Some nice touches with the ball, made some yards with the ball in hand. Not given the space to move that makes him dangerous. Safe under the high ball. but he was well-marked out wide.

14 Bautista Delguy 7/10
Made a couple of very good turnovers, made some good linebreaks too. The best of the Puma backs. He got the chance to break the line on a few occasions and he won a few turnovers for his team.
7/10

13 Matías Moroni 3/10
A poor day at the office. Slipped tackles, or simply missed tackles completely, and dropped the ball. Did not seem to have any idea what to do with the ball.

12 Bautista Ezcurra 5/10
Did not get much chance to carry the ball and was shut down by Esterhuizen. Good tackling, stopping Esterhuizen a couple of times.

11 Ramiro Moyano 7/10
Some great poaching of the ball, and ran with determination. Gave the wide defence much to think about. Some silly moments on defence, though.

10 Nicolás Sánchez 4/10
When he is good, he can be very good. He was not good on Saturday. Poor defence. One good moment on attack, and that was about it. Spent a lot of time complaining about things to the referee and the touch-judges, which suggests his mind was not always on the game.

9 Gonzalo Bertranou 5/10
Steady, but often anonymous. A couple of attempted breaks around the fringes, and good distribution.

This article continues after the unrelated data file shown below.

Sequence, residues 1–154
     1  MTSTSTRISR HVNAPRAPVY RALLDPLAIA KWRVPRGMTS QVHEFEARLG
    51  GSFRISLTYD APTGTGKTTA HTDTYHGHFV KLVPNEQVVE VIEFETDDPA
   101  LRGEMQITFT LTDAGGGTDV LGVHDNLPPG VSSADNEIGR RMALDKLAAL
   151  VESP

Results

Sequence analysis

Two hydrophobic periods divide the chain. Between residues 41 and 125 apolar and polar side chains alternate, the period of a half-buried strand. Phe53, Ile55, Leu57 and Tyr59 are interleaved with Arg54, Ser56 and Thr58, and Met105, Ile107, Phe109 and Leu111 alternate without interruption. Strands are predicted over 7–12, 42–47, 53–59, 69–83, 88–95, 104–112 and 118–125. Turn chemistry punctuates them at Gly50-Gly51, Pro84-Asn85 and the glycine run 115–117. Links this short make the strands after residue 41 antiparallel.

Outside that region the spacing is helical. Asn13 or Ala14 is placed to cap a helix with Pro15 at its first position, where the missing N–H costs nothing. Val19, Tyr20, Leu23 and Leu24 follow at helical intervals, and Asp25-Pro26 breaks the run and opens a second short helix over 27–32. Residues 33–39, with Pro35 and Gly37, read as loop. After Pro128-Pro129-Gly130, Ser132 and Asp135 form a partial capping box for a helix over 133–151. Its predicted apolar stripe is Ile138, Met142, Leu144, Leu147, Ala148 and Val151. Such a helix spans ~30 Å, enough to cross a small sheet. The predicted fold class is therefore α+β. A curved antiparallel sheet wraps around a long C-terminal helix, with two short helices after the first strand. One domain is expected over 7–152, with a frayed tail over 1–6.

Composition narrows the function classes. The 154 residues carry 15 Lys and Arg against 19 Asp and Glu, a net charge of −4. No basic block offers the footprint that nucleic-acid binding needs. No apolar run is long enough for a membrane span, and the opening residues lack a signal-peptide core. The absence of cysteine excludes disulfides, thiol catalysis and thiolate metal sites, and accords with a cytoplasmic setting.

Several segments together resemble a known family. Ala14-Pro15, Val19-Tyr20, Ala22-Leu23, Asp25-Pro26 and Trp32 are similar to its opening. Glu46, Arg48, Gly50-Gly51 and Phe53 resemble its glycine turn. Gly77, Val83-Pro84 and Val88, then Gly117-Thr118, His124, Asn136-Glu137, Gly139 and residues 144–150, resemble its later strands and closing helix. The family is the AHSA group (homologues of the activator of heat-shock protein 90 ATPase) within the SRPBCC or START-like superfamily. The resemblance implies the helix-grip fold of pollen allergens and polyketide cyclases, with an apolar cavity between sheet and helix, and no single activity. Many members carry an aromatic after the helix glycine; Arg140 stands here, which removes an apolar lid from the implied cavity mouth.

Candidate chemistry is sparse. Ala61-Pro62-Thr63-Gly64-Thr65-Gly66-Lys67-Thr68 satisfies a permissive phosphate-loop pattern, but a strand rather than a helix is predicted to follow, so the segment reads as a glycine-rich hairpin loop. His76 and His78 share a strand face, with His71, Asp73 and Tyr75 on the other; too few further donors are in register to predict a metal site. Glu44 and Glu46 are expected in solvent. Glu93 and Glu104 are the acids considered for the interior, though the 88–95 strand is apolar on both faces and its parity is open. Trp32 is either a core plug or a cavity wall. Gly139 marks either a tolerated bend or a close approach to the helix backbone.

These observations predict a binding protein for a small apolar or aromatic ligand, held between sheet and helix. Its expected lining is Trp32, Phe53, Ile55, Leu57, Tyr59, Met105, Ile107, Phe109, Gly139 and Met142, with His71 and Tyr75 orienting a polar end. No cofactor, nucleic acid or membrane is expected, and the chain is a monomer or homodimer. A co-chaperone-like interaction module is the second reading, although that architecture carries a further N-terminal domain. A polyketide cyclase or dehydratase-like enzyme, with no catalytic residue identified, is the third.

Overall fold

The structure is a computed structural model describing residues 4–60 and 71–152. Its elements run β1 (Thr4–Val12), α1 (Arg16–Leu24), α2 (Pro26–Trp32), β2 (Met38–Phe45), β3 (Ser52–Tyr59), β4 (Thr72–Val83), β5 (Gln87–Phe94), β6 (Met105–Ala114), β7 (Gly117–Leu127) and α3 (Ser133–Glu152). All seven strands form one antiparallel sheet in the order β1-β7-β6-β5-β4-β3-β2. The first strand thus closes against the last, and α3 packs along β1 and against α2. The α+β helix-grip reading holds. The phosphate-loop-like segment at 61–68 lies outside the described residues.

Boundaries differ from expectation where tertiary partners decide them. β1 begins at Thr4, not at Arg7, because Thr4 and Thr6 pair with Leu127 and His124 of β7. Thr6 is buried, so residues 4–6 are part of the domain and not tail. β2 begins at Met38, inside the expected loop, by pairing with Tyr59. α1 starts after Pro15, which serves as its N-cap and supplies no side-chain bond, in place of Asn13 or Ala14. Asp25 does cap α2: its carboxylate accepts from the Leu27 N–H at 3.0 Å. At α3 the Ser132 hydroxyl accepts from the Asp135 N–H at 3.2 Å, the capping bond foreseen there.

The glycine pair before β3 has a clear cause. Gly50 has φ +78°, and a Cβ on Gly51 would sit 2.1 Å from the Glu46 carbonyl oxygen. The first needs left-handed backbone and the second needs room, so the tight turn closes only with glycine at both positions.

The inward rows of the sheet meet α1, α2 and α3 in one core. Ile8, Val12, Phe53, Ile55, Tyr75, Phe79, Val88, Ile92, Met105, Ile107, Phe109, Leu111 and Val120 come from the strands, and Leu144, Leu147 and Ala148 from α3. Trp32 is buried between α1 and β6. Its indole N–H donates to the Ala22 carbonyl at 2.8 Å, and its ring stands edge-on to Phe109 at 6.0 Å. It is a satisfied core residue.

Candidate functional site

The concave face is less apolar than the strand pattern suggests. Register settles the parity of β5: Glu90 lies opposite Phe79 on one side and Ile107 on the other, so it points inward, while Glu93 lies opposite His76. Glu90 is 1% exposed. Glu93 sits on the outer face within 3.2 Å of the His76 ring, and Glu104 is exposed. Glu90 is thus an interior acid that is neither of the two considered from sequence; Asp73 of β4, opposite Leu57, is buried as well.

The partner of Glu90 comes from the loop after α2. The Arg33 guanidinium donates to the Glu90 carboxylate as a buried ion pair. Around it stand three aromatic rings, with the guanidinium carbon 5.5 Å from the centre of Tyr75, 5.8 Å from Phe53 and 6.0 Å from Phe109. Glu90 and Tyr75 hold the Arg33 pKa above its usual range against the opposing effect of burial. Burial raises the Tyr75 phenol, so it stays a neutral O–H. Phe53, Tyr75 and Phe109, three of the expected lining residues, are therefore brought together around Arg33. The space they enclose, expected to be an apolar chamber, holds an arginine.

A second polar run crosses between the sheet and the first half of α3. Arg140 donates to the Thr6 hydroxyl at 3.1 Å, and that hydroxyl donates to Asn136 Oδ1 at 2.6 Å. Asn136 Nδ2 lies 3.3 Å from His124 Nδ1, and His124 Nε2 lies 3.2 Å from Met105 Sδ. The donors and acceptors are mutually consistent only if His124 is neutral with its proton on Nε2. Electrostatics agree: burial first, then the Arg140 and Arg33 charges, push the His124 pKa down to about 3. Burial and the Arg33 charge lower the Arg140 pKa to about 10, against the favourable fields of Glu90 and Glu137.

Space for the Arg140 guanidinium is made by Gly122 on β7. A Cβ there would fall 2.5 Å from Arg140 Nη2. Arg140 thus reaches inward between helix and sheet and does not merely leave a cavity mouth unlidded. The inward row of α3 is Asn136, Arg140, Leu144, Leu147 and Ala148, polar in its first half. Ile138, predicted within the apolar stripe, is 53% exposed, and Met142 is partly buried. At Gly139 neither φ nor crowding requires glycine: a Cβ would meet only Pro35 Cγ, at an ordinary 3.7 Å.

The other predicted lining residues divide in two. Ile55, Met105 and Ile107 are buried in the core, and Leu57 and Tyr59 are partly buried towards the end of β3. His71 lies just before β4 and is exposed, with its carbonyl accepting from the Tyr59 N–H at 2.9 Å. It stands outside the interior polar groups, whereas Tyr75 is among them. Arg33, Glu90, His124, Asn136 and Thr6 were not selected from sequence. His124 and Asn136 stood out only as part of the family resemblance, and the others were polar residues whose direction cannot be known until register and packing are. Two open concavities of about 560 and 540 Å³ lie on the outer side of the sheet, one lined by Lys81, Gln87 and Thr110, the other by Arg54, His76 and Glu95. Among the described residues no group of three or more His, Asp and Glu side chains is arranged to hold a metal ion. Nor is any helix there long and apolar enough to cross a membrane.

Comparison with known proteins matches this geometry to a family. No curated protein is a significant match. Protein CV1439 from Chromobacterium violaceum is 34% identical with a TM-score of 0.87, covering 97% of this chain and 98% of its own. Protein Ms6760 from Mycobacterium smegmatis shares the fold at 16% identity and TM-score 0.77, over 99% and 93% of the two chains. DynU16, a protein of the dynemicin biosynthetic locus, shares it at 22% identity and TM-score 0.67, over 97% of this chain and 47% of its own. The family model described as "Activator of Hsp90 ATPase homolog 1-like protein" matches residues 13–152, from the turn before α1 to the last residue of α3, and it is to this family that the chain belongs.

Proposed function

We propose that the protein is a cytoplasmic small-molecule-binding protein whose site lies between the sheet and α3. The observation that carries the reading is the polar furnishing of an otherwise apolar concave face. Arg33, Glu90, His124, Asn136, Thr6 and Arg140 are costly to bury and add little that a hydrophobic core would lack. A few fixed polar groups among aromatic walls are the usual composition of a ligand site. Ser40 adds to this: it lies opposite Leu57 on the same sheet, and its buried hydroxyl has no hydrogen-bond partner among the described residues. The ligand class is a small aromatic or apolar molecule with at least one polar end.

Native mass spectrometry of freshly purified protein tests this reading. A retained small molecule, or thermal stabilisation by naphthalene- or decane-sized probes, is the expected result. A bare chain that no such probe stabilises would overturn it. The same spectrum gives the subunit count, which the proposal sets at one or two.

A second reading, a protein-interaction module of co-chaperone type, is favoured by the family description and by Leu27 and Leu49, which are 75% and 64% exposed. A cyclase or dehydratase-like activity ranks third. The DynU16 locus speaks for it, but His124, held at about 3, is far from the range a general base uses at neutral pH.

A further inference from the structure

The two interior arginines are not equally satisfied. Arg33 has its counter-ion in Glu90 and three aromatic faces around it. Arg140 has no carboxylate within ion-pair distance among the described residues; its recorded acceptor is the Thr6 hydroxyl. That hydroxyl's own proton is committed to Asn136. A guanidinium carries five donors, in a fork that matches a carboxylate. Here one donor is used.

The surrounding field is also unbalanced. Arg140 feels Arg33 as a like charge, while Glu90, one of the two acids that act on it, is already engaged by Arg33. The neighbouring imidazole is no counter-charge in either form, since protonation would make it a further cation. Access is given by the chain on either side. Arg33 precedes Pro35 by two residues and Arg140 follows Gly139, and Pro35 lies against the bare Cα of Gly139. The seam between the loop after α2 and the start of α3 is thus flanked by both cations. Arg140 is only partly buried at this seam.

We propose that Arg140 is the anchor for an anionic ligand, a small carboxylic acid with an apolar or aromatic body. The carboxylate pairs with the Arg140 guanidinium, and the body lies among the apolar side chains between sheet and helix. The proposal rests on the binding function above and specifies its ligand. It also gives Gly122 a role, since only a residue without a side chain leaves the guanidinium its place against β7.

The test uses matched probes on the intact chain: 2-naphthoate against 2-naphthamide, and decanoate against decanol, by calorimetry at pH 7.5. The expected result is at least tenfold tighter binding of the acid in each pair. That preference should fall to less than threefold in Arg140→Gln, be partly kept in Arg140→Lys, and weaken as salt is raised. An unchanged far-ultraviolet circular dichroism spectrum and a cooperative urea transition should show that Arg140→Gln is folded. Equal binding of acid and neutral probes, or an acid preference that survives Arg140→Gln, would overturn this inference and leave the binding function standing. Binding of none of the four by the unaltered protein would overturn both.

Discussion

8 Javier Ortega Desio 5/10
Busy, but without influence. Seems a bit light for the job, but matched Whiteley all the way.

7 Marcos Kremer 5/10
Spent the afternoon defending and then defending some more. Did not get a chance to show his ball-carrying power.

6 Pablo Matera 7/10
He gave his all. There can be no better accolade for the Pumas’ best player on the day. Worked over the ball, carried the ball, tackled, and then did it all over again. Scored a good try.

5 Matías Alemanno 3/10
Spent his afternoon trying to tackle Etzebeth or Du Toit, and got flattened in the process.

4 Guido Petti 4/10
Like his lock partner he was simply blown away by his opponents. Made a couple of tackles, caught some lineout ball, and that was it.

3 Juan Figallo 2/10
He is not Test rugby fit. He is not Super rugby fit either. Well beaten in the scrums and missing in action elsewhere.

2 Agustín Creevy 4/10
Probably the worst I have seen him play. He was ineffectual over the ball, getting cleaned more often than not, and his influence in the scrums was missing. Not a good day at the office.